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Comic Books, Film
I’m going to take advantage of the fact we’re heading into Valentine’s Day territory and review a bunch of romance-themed yaoi and shojo manga over the next two weeks. Today I look at the terribly darling (and I don’t use those words lightly) yaoi romance Our Kingdom: Arabian Nights.
Naduki Koujima’s Our Kingdom: Arabian Nights is technically a spin off of her longer series, Our Kingdom, but having not read the original title I can attest that this charming romance completely stands on its own. While I’m always wary of *any* culture’s tendency to exoticize another (in this case, Japan’s attempt to re-enact some version of The Sheik in both straight and gay romances), this title neatly side-stepped most of my problems by making both characters princes of a sort.
Raoul, a spoiled, rich young man with a big attitude, and even bigger chip on his shoulder to match it, journeys to a high class resort in the Middle East in the hopes of getting over a nasty case of heartbreak. He catches the eye of a young princess who implores her brother, Ashif to “capture” the young “Western prince” straight out of a fairy tale. Ashif is a sheltered but forthright young man who takes an immediate liking to Raoul, much like his sister. At the beginning of their encounter Ashif attempts to treat the proud American like a pet are completely upended by Raoul’s outrageous responses to his strange new “captivity,” which include hostage taking and sneak attack kisses. Raoul’s one of those crazy rich people who refuses to be cowed by anybody or anything, which becomes the perfect counter-balance to Ashif’s royal ego.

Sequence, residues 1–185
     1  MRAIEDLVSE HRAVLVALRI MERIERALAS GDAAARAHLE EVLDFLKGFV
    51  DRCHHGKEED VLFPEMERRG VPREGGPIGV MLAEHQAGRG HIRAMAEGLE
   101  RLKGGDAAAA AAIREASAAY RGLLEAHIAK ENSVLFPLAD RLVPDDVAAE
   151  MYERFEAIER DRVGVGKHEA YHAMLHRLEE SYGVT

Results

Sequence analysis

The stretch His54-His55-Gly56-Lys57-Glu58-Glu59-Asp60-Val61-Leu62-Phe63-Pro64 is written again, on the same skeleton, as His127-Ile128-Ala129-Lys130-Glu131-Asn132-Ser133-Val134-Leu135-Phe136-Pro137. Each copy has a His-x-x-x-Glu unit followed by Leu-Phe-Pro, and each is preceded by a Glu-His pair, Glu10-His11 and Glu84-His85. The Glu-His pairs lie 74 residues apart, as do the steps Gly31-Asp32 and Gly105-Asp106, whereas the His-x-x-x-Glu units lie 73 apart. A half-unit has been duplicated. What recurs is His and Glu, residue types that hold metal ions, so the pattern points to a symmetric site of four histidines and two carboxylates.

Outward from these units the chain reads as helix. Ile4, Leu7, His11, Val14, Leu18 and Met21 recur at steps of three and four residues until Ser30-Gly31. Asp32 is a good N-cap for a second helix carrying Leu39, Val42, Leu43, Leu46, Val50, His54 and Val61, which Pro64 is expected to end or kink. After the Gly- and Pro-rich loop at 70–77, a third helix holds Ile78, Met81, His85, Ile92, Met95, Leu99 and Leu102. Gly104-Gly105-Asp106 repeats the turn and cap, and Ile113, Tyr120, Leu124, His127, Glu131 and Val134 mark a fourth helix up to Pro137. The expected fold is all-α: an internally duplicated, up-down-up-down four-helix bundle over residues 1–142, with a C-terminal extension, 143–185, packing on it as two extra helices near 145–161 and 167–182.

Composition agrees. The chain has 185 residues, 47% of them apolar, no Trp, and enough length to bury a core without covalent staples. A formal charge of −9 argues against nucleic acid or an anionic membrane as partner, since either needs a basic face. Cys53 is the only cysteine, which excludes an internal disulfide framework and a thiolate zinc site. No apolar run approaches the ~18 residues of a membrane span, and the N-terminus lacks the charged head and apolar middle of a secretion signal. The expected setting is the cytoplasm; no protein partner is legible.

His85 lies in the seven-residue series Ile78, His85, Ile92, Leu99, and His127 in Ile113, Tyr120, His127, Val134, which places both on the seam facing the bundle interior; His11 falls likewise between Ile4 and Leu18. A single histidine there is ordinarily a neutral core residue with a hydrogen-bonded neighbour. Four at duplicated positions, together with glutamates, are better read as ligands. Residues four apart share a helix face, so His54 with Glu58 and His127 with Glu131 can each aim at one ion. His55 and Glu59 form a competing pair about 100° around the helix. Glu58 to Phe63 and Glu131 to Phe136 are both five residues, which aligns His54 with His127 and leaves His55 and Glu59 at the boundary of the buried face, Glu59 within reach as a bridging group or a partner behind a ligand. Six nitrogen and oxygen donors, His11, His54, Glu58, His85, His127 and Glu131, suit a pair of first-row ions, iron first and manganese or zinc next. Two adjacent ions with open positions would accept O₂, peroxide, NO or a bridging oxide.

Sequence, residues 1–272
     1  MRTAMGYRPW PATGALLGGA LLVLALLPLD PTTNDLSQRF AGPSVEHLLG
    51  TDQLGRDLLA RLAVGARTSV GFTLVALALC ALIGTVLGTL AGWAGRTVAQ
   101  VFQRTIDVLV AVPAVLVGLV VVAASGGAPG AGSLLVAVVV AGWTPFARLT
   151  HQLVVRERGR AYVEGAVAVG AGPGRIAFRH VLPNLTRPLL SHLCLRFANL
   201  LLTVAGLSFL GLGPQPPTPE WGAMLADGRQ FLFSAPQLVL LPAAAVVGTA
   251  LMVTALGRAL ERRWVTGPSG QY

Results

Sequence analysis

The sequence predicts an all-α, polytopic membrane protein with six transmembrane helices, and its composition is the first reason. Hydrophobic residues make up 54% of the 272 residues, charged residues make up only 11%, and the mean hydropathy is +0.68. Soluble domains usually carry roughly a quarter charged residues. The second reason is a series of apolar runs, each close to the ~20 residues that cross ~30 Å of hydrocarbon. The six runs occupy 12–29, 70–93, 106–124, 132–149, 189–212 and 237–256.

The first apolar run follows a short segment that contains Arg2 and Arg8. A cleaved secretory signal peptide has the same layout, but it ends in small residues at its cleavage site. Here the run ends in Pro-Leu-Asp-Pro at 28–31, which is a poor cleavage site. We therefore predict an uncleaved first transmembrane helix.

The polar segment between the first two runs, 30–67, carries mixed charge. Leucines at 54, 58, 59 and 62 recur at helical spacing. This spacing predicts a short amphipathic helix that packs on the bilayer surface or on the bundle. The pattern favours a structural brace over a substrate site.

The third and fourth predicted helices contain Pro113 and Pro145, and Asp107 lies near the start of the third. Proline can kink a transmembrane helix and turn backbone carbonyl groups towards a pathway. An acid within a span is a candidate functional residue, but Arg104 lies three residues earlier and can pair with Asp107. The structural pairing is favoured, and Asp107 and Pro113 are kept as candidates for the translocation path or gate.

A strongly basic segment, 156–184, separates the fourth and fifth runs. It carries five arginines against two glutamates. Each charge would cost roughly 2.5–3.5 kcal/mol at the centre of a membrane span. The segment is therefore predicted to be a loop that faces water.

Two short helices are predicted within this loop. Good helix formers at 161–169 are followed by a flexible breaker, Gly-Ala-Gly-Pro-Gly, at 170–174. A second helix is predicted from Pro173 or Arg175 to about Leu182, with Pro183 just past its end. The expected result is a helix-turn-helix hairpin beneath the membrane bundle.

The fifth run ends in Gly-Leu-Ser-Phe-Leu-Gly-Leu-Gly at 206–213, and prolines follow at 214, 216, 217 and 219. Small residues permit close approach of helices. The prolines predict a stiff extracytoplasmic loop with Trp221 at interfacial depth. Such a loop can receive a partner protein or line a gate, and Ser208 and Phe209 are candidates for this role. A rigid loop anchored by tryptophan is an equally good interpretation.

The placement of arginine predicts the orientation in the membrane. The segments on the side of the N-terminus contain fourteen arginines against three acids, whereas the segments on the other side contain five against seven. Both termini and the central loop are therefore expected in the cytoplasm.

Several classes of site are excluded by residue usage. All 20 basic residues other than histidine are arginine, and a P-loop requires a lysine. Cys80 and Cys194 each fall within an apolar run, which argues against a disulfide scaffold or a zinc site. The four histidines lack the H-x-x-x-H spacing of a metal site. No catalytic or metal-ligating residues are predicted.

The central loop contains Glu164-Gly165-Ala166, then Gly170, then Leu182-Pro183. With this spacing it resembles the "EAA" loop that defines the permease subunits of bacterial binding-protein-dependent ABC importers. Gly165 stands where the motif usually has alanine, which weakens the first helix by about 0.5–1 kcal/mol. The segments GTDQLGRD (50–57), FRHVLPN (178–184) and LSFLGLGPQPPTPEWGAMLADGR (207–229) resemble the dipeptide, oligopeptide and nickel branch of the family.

It doesn’t take long before Raoul starts to care for the brash young prince in spite of himself. Of course, even though the story takes place in the Middle East, somehow the main obstacles to their relationship are Ashif’s status as a prince and Raoul’s attempt to overcome a not so deeply buried inferiority complex. Part of the pleasure of this title are the characters’ emotional openness with themselves and with each other. Ashif — as a complete innocent in all matters sexual — doesn’t really understand why another man is offering himself as a potential romantic partner, although his confusion is without malice or shame. It is still a relief when the title completely avoids the homophobic tendencies in many yaoi titles by having Ashif not only accept Raoul’s affectionate gestures, but also honestly acknowledge Raoul’s escalating feelings.
Although this romance is pure fantasy — as most yaoi titles are — it is a genuinely warm and thoughtful one. The relationship between the two likable leads develops slowly, but surely. Thanks to Koujima’s strong characterization work, even though they are so incredibly different they still fit together as if they were two puzzle pieces that could be perfectly snapped together. That kind of inevitability in romance titles usually annoys me, but here it was actually earned through their increasing intimacy over time. In other words, this title actually made you believe that two people with such different temperaments and backgrounds could actually fall in love.
Review copy provided by DMP.
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